While you're there, be sure to check out the fine Woodworking competition that is featured at each State's show. Hey, why not join in the competition yourself? Pyrography is an acceptable entry under the category of decorative woodworking. If you have high quality, original pyrography, it might be worth thinking about.
       Each States competition culminates in the Australian National Woodworking Competition, held at the last wood show in Melbourne. The standard at this years final was excellent and well worth a look. Pyrography competed well and took out first in Decorative Woodwork and 3rd best of show. The placings really did open many eyes to the world of pyrography...good stuff!
       If you are interested in entering your fine pyrography or woodworking (all categories), call Lucy Dean on 02 9565 1099 for details and an entry form.

       If you would like to visit one of the Working with Wood shows, the dates are as follows:
       Auckland 28-30 March, Auckland Showgrounds
       Brisbane 23-25 May, RNAIA Showground
       Sydney 20-22 June, Fox Studios
       Adelaide 25-27 July, Adelaide Showgrounds
       Canberra 5-7 September, Exhibition Park
       Melbourne 3-5 October, Exhibition Center

       If you would like to catch up with me at other venues, they will be announced in the 'Where to find Sue' section that will soon be available on site.

       I hope to see you there!


       As many burners know, there is quite a bit of nib difference between the wire burners of Australia/Britain and those of North America.
       I myself, being Australian, have a traditional wire nib burner that we most commonly see here and in Britain. I was aware the North American variable temp wire burners had nibs that came in a great variety of styles and seemed factory formed compared to my own. My burner required me to either buy a basic nib or form one from a length of nichrome wire. This nib resembles what North American burners know as the writing nib.
       I got a chance to try a North American wire nib burner on a trip to Canada a few years ago. Even though I have never had trouble with my Aussie burner and had produced many detailed and large pieces of high realism burning, I must confess I was impressed with the North American style burner because of two things we often lack, a decent *shader nib and #skew nib. (*A shader lays smooth, even patches of tone over a large area. A #skew is a knife shaped nib. It can be curved or flat, but is designed to cut as it burns, creating clean, crisp, fast lines.)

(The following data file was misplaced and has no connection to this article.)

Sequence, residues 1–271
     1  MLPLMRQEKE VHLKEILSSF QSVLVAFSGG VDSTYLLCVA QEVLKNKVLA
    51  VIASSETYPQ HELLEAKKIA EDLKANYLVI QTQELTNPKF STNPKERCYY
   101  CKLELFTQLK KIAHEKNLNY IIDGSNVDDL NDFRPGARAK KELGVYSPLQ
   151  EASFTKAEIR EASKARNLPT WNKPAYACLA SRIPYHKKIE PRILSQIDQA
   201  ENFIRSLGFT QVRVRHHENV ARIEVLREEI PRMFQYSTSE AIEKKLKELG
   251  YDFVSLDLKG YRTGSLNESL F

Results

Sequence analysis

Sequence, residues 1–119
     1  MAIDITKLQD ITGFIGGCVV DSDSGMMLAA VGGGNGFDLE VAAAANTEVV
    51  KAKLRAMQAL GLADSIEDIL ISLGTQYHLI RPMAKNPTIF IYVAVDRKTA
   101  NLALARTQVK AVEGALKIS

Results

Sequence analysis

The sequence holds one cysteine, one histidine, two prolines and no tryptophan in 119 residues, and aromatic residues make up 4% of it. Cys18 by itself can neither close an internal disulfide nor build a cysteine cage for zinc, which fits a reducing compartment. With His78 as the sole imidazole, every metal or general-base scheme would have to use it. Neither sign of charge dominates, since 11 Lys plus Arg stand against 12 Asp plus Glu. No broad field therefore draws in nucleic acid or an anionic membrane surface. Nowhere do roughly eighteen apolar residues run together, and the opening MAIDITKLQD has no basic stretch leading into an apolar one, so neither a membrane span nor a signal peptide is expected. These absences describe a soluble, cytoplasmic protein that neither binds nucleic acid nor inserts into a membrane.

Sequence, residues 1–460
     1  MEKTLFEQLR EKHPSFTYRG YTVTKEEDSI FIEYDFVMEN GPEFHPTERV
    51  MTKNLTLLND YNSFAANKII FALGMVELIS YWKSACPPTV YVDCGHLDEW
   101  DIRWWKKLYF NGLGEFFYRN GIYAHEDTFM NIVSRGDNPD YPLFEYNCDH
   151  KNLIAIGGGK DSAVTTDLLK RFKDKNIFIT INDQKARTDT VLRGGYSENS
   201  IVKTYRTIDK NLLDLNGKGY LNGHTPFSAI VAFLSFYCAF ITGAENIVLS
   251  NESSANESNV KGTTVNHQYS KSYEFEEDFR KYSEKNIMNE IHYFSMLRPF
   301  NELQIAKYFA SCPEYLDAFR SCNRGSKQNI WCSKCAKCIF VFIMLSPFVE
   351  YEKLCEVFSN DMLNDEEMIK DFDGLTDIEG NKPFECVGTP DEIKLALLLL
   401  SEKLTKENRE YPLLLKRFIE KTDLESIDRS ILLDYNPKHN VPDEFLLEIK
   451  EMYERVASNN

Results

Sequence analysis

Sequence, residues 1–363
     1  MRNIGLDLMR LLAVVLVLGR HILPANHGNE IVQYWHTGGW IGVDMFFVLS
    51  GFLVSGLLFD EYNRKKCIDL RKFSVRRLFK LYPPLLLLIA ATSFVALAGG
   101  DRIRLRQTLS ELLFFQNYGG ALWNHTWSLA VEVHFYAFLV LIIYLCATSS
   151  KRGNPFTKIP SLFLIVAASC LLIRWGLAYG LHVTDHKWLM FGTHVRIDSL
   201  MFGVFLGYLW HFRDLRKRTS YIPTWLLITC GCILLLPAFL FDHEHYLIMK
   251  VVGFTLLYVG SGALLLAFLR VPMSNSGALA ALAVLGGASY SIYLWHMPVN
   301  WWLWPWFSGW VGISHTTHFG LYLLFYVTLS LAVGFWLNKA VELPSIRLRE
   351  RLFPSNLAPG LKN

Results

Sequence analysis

This is what my style of burner had been lacking and what is the main difference between the two types…those preformed nibs.
        Aussie/Brit wire burners will well know the frustration and limitation of doing most of their work with a writing nib…of fighting grain to do a smooth, clean line…or going nuts trying to do half decent shading.
       So, do Aussies and Brits miss out? Do we just do without the magic skew that burns beautiful, crisp lines...even over pine! Are we never to have a decent shader? One that covers large areas with smooth tone.
       Of course we can!! In the next issue, we'll find out more.

       Don't think of your woodburning tool as just a hot pen or pencil. The burning tool is one the few writing implements that can texture as well as draw.
       When looking at a prospective subject, don't just think of it in terms of light and dark tones, think of it also in terms of TEXTURE. Everything has texture, from the smoothness of a shiny apple, to the coarseness of a bison coat.
       Depending on the nib and your imagination, the pyro machine has the ability to recreate just about any texture you will find in this world.

    Newsletter #1
    Newsletter #2
    Newsletter #3

    THE PYRO SHOP (pyrographic supplies and books)
    THE PYRO SCHOOL (online school, techniques/tips, in focus, visual diary, teaching schedule, safety)
    THE PYRO GALLERY (pyrographic work) -  THE OTHER GALLERY (other art work)
    THE ART SHOP (art work, commissions and prints available for sale)

    Sue Walters
    15 Roma Parade
    Upwey, Victoria
    Australia, 3158
    P.O.BOX 1131
    Tel: (+61)(03) 9754 8207